Objectives of Leadership

To succeed as a small-business leader, your employees must also succeed, both in their individual functions and as a team. Your objective as a leader must be to inspire your employees to pull together toward shared business goals, advises Indeed.com. To attain each key objective of leadership, you must learn and use specific skills.

Define Your Objectives

Before a business owner can lead others, he must first learn who he is and what he wants his business to accomplish. Leadership qualities include specific, realistic goals, which you must prioritize in order of importance. Every business leader wants his company to be profitable, but he usually wants it to be something else as well.

A leader should clearly articulate to himself what his secondary goals are, and when they take priority over the primary goal of profit. Growth is one common secondary goal – you may decide to run a bargain-basement sale to acquire new customers, or sacrifice short-term profit by spending on expansion.

However, an owner may also have non-monetary goals for his business, which also need to be clearly defined. For example, helping the poor may be an important part of an owner's religious beliefs. Therefore, corporate donations to a homeless shelter may take precedence over making the highest possible profits.

An owner may retrofit his office with "green" materials to be environmentally responsible, even though it costs more in the short term. If you have more than one goal as a business leader, it's important to make it clear to your employees. After all, it's hard for them to follow you if they can't see where you're going.

Communicate Your Goals

It's important for a business leader to give employees a sense of her overall business goals. But a successful business leader makes it her daily habit to communicate specific project goals to her team. She explicitly states the desired result and how she proposes to achieve it, as well as the specific tasks each team member will be expected to perform, and the date by which each task must be completed.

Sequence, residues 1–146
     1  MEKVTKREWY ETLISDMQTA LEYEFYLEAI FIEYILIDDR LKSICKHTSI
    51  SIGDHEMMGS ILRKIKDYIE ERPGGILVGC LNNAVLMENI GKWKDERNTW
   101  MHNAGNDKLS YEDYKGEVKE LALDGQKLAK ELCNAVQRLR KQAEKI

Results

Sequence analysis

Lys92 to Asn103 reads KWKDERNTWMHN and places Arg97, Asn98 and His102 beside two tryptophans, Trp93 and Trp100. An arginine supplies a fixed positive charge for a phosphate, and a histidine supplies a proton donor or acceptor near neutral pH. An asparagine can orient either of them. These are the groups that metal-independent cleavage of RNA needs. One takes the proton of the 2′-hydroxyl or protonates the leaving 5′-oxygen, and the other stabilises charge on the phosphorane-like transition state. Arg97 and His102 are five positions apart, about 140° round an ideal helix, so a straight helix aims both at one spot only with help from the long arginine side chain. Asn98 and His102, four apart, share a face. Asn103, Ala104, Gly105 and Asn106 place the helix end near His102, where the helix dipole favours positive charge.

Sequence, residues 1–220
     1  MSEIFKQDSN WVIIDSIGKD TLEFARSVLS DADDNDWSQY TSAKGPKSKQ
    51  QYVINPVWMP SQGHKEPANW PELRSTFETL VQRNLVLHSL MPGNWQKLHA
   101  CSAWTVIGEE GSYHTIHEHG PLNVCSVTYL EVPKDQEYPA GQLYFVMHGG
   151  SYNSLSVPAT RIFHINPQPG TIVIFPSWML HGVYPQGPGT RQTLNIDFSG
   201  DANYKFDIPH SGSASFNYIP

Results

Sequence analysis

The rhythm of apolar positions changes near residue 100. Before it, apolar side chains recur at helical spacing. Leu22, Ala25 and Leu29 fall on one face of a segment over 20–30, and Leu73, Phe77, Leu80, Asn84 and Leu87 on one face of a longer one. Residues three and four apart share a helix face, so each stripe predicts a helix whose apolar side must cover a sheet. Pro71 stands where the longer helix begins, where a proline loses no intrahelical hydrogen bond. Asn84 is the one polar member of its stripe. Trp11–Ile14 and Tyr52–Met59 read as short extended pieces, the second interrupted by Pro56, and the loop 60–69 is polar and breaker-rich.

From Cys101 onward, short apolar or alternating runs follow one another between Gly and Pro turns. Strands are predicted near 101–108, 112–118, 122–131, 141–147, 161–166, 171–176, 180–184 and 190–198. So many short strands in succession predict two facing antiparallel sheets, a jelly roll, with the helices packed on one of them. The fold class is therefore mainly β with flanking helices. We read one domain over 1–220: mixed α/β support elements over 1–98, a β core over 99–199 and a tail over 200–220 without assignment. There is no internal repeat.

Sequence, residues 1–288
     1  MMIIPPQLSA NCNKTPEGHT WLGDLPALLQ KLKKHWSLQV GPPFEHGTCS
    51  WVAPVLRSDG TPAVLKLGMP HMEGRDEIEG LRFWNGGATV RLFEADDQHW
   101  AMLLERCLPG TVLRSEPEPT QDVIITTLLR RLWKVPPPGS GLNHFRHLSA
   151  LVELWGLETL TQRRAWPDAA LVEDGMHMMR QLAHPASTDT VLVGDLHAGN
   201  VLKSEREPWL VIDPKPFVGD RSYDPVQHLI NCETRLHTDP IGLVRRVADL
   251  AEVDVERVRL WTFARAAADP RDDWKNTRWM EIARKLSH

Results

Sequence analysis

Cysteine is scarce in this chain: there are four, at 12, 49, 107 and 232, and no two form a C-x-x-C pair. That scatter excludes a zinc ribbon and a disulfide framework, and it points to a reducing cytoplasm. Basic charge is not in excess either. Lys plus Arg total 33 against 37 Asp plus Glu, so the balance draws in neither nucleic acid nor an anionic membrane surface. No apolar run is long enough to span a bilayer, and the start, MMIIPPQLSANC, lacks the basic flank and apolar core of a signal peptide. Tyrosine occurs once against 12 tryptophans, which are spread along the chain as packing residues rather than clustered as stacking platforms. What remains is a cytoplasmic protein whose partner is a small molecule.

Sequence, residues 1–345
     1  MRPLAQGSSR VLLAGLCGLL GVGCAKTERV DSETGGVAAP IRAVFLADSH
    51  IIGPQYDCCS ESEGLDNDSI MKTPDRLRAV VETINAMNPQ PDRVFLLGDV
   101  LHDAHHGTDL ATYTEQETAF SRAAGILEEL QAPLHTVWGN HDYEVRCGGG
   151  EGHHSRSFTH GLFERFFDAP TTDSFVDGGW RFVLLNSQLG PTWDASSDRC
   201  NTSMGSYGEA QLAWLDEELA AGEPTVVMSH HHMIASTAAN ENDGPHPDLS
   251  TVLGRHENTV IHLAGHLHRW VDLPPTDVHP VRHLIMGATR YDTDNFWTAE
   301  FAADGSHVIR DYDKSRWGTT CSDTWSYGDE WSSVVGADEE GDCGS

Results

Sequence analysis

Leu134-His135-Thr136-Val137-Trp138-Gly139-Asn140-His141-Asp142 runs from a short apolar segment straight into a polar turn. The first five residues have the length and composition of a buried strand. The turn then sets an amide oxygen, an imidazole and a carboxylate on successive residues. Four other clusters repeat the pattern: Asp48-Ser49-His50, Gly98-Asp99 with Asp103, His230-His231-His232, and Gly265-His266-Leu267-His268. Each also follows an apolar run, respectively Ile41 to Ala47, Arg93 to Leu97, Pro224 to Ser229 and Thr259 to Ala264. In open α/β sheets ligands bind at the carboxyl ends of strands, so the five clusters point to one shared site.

She explains her plan in understandable terms and sets a measurable, realistic goal that includes a deadline for completion. Effective leaders leave nothing to the imagination; they make sure that their employees understand exactly what they want, how they want it and when they want it.

Measure The Objectives

When a business objective has been set and a project undertaken, an effective leader makes sure the team's progress is tracked at frequent intervals. This helps the team stay focused on results and prevents it from becoming distracted by side issues that don't contribute to the goal's completion.

Weekly progress meetings or a progress chart posted in a prominent location help team members focus on the goal. Breaking the goal down into specific areas also helps a leader see if one area is lagging behind others. For example, if your objective is to increase sales by 10 percent, breaking the project down by sales territory helps you see which territories are meeting your goal and which may need more attention.

Implement All Plans

An effective business owner leads by example, according to the Institute for Management Development. He stays at the forefront of a project's implementation and guides it through to completion. As the leader, you are your project's primary cheerleader, coach and troubleshooter.

If problems arise, you're the one to address and resolve them. You shepherd the project through to completion. Your level of enthusiasm for the project will set the tone for your team, and your constant oversight will send the message that you're committed to its success.